Volume 6, Issue 1, Spring 2017
Gardens as Laboratories. The History of Botany through the History of Gardens
María M. Carrión
Art, Science, and Preservation in the Sixteenth-Century Herbarium from the Hurtado de Mendoza Collection in El Escorial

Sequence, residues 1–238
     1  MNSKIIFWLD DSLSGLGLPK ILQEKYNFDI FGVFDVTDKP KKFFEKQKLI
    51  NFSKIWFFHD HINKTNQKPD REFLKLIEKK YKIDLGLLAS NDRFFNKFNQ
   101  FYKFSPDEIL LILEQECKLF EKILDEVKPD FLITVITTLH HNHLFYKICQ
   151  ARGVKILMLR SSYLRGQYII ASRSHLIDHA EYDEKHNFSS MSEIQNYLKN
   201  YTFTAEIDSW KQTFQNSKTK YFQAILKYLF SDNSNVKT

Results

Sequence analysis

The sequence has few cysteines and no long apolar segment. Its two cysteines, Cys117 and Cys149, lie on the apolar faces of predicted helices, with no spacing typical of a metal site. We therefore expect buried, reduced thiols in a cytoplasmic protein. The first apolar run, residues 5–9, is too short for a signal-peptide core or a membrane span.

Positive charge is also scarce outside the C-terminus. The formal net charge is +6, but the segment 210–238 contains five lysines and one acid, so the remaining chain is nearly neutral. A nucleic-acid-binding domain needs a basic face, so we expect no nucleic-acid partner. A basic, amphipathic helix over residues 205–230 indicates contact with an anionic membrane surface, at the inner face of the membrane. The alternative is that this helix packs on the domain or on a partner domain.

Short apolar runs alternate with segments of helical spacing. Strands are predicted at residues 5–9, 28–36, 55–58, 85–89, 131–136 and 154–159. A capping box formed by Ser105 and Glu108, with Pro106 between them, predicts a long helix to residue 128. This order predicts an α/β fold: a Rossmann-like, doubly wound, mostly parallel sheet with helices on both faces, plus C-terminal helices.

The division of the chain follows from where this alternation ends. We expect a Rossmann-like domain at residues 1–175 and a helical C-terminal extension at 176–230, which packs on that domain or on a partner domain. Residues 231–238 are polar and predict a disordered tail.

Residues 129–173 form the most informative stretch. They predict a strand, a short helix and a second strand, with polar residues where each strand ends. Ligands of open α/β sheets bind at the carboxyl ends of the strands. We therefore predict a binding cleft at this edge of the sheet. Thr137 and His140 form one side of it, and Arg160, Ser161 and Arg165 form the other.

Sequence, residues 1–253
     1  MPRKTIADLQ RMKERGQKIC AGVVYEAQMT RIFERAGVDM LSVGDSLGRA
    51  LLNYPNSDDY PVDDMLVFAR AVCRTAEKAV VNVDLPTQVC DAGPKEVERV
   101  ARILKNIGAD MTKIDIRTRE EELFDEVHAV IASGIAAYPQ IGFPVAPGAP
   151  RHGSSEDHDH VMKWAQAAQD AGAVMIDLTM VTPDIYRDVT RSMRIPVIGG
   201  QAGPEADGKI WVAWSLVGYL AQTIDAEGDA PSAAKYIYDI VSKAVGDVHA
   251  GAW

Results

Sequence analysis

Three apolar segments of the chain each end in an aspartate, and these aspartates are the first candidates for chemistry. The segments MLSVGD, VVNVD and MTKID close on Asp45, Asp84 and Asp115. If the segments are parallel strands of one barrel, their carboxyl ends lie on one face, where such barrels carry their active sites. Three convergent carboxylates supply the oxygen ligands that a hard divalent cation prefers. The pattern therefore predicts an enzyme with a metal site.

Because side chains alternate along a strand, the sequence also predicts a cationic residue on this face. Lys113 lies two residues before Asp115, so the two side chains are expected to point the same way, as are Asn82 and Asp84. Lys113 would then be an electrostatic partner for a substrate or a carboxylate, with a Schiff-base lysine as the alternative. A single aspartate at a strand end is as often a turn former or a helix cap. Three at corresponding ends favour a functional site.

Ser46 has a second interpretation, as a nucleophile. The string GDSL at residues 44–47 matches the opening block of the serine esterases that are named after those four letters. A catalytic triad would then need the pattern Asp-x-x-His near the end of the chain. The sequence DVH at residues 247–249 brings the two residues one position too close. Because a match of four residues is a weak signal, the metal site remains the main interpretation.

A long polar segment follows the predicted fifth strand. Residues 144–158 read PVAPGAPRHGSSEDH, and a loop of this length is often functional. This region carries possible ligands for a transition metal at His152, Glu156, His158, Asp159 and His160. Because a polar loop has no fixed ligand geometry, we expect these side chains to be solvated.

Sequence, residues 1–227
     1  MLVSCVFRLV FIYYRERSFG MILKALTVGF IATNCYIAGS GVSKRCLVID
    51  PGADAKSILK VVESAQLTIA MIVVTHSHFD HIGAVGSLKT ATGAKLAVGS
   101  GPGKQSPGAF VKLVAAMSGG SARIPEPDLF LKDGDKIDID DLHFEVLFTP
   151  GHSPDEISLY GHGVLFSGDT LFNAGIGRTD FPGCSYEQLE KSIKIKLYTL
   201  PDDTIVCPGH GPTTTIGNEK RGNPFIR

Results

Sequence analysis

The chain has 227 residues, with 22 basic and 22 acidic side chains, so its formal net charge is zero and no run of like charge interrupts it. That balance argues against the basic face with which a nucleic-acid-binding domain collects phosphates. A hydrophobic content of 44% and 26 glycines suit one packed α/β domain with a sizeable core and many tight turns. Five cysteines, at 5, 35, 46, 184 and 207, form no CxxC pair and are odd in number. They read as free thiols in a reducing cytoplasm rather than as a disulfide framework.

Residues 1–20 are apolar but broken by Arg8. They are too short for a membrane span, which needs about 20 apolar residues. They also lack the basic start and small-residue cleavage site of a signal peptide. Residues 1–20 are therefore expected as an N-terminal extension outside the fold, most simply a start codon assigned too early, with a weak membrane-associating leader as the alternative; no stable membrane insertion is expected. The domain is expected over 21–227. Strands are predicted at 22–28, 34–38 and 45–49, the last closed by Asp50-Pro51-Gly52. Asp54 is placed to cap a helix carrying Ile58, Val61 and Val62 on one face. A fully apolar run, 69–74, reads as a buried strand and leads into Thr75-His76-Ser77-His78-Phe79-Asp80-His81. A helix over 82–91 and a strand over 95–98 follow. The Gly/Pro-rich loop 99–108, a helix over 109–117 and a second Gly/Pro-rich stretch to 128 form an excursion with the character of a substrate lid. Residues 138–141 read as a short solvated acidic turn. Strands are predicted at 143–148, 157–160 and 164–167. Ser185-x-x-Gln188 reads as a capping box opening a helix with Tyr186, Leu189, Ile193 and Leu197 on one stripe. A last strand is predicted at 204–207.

The interactive correspondence of art, science, and preservation supports the composition of a four-volume anonymous herbarium originally belonging first to the Venetian library of Ambassador Hurtado de Mendoza, and later endowed to the Royal Library of the Monastery-Palace of El Escorial. This planted knowledge consisted of artistic and scientific practices (composition, writing, calligraphy, naming, drying, pressing, cataloguing, relating to health properties, and so on) to preserve not only the plants dried and glued to recycled paper, but the association of those plants, with names, stories, and contexts in ways that attest to the development of natural history and philosophy in sixteenth-century Italy and Spain. This article describes and analyzes the composition of the Hurtado herbarium, its provenance, and its place in the context of early modern European naturalism and botany. Finally, it considers problems of reading this collection, and possible solutions to better understand the herbarium in El Escorial as another piece of this network of dissemination of ethnobotanical knowledge in early modern Europe.